4. You can create bibliographies automatically in hundreds of citations styles with the click of a button in your favorite. Check out our GradProSkills workshops on Zotero (or search YouTube!)
  4. RSS for “Really Simple Syndication”
    1. https://library.concordia.ca/help/using/rss/index.php
    2. Be at the forefront of your discipline by harvesting RSS feeds on a special app or website. Subscribe to the table of contents of journals (http://www.journaltocs.ac.uk/), setup an alert in article databases like ProQuest or enjoy webcomics for academics (like https://xkcd.com/)
  5. TOC: Learn how to create a Table of Contents automatically in any word processing software… you need to encode your document properly
    1. How to do this in MS Word: https://www.outfind.ca/using-word-with-style-ms-word-tm-2007-edition/
  6. Remember to ask us questions!
    1. For general information: https://library.concordia.ca/help/questions/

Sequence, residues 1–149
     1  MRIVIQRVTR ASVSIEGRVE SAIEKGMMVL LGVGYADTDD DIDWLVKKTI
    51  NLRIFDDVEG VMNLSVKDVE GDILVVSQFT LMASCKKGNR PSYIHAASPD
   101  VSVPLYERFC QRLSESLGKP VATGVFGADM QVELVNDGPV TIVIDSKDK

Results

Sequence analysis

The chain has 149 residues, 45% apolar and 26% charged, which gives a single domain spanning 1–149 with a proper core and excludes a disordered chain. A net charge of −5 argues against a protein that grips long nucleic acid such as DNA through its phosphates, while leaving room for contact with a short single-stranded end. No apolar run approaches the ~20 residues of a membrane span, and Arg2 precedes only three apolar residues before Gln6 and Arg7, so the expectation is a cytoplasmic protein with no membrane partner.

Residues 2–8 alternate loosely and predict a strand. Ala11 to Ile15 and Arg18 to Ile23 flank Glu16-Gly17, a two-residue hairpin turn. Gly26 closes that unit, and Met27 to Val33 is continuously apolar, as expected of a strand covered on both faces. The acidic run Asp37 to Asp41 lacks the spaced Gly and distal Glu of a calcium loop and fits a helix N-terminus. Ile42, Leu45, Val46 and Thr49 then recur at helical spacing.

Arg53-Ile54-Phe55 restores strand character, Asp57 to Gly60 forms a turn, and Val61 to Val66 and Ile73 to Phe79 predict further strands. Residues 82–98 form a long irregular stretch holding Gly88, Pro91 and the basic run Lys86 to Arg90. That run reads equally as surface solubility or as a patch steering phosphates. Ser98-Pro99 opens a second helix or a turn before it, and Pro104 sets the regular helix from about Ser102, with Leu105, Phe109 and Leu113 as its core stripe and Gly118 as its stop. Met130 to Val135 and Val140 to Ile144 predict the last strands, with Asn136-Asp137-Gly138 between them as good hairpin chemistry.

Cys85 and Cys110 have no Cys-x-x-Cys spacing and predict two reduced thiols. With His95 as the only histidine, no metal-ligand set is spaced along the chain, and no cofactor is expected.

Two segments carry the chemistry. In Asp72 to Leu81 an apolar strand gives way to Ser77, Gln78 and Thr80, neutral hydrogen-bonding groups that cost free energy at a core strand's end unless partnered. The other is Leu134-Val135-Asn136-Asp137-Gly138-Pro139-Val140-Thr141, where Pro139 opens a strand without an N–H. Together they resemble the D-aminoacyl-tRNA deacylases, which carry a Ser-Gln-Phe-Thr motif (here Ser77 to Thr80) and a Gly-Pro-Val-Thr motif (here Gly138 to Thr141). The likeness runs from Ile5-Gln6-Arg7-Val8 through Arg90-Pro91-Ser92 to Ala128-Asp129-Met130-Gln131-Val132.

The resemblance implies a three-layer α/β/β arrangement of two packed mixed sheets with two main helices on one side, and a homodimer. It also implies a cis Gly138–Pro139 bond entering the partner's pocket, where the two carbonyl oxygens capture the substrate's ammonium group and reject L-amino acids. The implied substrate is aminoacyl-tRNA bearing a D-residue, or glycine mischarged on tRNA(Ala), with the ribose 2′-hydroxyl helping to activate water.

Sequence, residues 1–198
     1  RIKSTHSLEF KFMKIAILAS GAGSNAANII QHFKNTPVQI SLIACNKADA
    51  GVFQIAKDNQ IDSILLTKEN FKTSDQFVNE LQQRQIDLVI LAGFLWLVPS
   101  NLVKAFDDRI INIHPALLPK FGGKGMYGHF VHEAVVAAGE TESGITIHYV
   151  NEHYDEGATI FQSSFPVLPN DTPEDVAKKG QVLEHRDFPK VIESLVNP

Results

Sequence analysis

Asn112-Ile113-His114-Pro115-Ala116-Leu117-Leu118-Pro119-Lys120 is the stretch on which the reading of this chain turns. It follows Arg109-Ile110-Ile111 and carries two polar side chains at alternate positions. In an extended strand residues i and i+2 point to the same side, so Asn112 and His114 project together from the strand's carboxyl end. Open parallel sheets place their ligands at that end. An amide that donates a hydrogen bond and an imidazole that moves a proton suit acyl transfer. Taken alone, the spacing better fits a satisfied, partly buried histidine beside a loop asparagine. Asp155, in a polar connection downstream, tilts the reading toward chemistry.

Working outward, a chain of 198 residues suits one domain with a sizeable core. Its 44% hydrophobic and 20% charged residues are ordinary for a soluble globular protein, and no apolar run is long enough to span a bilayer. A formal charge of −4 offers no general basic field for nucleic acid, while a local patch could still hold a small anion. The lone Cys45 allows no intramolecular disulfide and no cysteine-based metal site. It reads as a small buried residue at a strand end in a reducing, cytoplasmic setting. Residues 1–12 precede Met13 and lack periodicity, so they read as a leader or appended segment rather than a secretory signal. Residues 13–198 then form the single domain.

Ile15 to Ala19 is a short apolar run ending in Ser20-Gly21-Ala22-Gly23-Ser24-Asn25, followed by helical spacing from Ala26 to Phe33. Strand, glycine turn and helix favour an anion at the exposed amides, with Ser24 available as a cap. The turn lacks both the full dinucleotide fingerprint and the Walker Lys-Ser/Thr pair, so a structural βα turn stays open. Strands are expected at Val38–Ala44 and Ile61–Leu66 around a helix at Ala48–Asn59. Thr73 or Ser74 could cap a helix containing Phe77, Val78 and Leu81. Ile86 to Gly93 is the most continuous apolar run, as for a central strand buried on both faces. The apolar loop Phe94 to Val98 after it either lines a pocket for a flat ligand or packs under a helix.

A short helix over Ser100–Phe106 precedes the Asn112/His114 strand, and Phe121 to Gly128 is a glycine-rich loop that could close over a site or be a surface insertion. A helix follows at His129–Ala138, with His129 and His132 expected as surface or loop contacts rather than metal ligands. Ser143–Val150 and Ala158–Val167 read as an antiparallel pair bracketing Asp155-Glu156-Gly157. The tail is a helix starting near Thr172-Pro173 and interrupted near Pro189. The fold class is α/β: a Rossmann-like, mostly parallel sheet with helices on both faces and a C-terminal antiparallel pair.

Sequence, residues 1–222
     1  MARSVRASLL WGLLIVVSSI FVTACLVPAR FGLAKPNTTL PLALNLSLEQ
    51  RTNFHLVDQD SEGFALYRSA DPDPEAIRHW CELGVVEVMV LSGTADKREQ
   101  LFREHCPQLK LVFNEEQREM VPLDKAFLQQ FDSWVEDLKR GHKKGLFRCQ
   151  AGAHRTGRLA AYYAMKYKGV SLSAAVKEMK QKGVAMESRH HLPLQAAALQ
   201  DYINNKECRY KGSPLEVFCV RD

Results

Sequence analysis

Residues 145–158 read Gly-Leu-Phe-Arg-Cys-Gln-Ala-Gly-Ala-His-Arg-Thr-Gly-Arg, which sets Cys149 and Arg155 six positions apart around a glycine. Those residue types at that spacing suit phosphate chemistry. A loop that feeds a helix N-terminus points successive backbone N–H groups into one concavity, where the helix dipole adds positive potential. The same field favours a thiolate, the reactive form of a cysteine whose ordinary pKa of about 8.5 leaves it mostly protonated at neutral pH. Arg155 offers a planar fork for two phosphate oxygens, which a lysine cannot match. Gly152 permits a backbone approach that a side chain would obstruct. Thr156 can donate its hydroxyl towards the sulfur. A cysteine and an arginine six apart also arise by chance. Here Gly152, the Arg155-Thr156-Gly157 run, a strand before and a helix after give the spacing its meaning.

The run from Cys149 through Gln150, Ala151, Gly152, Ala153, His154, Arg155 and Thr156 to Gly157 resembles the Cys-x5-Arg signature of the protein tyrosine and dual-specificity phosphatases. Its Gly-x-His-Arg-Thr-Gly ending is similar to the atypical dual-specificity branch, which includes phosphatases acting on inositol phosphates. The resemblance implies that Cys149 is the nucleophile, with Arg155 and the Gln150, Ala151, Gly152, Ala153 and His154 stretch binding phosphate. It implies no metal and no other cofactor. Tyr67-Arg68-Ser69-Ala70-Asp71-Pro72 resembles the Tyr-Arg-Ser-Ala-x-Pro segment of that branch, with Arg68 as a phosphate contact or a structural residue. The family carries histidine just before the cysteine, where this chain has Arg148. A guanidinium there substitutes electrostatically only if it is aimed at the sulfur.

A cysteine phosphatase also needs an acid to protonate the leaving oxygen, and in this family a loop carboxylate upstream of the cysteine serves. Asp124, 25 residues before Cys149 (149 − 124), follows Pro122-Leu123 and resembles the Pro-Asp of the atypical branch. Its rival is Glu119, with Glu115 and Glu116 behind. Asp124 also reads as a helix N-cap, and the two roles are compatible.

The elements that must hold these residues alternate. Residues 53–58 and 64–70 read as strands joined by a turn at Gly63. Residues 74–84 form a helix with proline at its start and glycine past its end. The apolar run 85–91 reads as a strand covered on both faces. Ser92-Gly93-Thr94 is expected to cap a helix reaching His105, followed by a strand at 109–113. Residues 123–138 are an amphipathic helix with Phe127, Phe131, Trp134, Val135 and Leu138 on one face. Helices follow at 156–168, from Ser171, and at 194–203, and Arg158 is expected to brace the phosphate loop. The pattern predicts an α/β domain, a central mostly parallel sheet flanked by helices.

2. Request an appointment with your subject librarian: https://library.concordia.ca/about/staff/business.php
  7. Take care and enjoy our collection – we allocate about 7 million dollars a year to enrich it!

Olivier Charbonneau

Olivier Charbonneau is an associate Librarian at Concordia University, Olivier Charbonneau is primarily interested in copyright issues as well as questions of open access and Web 2.0. He is a doctoral student at the Faculté de droit, Université de Montréal. He has over 15 years of professional involvement in library and cultural communities. He holds two masters degrees from Université de Montréal, one in information sciences and another in law, as well as an undergraduate degree in commerce from McGill University.